By Gregory Allen
As of 2011, on a poverty line of $1.25, 1.4 billion people live impoverished. Aid is applied but these conditions hardly disappear. In a debate on the subject of suffering with Tony Blair, Christopher Hitchens offered a solution; stating, “The cure for poverty has a name in fact; it’s called ‘the empowerment of women.’”
The empowerment of women and the creation of equality is the only known cure to poverty. In modernized countries, such as Sweden where feminism is not socially stigmatized; development occurs and is sustained. In countries where the subordination of women is tolerated, the opposite occurs, and instability and conflict are far more prevalent.
Recent legislation passed in the United States provokes inquiry as to where our nation stands in respect to equality. Despite seizing the House in 2010 on claims of creating jobs, the first and most frequent bills proposed by Republicans are designed to eliminate women’s freedoms. Attacks have been made on women’s health rights, such as closing clinics that provide cancer screenings and contraception. Cuts made to Medicare and Social Security will also disproportionately affect women.
Women’s reproductive rights are also besieged, with cuts to Planned Parenthood and legislation passing limiting access to abortions. With the passage of the “Let Women Die Bill” (HR 358), doctors with religious faith may refuse medical care to women who will die without treatment, so long as they cite merciful Jesus as the motivation for their apathetic cruelty.
Another bill, HR 212, has been introduced with the intentions of granting personhood to zygotes. Through this change, many forms of birth control will be banned as well as other medical procedures. It will also allow for the criminal prosecution of women who miscarry.
Oppressing the heath rights of others prevents them from controlling and exercising their reproductive functions in a healthy manner of their choosing. Without the ability to access and exercise these rights, women are subordinated to a livestock lifestyle of reproduction.
Women are also losing career support in the United States. Cuts are being made to public sector jobs; 90% of elementary teachers and 95% of nurses are women. Day care and job training programs are also being defunded, further affecting American women’s opportunity to join the workforce and positively affect the economy.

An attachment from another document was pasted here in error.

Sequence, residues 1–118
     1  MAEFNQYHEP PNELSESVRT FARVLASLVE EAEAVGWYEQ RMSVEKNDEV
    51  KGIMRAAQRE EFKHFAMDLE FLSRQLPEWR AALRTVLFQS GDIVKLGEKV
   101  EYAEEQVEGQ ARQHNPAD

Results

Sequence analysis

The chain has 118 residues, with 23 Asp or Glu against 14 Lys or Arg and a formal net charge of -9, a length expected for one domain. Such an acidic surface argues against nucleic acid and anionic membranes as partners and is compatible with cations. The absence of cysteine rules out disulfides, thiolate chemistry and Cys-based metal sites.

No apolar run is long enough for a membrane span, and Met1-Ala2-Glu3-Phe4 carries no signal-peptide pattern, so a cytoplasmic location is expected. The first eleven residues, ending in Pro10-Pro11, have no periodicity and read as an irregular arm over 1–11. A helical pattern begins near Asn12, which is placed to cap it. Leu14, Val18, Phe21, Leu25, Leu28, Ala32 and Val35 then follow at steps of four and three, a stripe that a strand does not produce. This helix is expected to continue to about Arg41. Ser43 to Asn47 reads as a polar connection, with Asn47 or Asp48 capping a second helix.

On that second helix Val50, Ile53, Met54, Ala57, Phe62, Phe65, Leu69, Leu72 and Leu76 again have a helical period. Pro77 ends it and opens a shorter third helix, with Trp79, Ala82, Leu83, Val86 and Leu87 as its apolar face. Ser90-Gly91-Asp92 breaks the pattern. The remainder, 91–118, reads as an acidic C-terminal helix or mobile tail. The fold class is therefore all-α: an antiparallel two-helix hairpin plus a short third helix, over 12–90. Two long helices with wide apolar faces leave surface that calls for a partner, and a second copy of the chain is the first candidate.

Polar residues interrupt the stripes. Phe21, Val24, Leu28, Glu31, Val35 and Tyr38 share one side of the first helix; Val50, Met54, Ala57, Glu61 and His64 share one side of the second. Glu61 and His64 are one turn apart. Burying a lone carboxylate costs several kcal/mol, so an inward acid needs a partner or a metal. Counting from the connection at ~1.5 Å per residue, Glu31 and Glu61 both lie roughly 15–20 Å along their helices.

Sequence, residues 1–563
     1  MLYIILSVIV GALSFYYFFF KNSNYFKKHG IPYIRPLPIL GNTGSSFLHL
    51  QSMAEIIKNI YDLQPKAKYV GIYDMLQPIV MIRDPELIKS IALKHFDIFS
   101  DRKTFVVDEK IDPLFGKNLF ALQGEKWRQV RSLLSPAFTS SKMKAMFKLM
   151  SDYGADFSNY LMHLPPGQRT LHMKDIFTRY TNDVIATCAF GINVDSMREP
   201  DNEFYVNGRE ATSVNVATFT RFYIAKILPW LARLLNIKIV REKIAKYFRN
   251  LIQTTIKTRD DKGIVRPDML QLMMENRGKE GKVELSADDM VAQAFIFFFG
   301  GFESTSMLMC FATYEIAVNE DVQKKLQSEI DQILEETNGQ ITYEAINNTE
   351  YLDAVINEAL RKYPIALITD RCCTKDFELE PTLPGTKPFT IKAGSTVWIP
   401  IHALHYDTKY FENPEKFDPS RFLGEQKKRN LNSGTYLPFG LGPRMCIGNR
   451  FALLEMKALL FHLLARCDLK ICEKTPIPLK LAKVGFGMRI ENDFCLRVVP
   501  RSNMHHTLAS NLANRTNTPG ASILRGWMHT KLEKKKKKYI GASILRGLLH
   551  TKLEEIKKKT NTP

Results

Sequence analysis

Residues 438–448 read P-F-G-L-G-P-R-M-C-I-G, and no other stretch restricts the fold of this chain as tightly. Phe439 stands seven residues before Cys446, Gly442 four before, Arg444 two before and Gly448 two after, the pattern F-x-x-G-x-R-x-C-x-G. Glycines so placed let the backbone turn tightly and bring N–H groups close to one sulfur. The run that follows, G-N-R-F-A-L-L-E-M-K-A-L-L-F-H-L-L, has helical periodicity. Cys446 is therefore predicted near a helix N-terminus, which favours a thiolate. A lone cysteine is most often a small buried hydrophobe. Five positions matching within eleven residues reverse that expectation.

Attacking the health and reproductive rights, job opportunities and educational aid of women prevents society from improving, because it negates equality and exacerbates instability.
Countries that do not encourage both genders to flourish face detrimental societal consequences, such as economic deterioration.
Afghanistan displays the fallout from unrestrained misogyny, as Sam Harris describes, “Afghan women have a 12% literacy rate and a life expectancy of 44 years. Afghanistan has nearly the highest maternal and infant mortality rates in the world. It also has one of the highest birthrates. Consequently, it is one of the best places on earth to watch women and infants die.”
Harris elaborates further on the connection, “And Afghanistan’s GDP is currently lower than the world’s average was in the year 1820. It is safe to say that the optional response to this dire situation-that is to say, the most moral response-is not to throw battery acid in the faces of little girls for the crime of learning to read.” The attacks described occurred recently and are not limited to these methods.
The discrimination examined by Harris may be more extreme in Islamic countries lacking modernization, but the misogynistic beliefs that provoke these behaviors are not limited to third-world nations alone.
Perhaps it is not the best decision to share ideological similarities and behaviors with countries whose economic and social situations we do not envy, nor wish for our own nation to mimic.
Only freedom and equality will improve and preserve the future, because no country can move forward if more than half of its population is held back.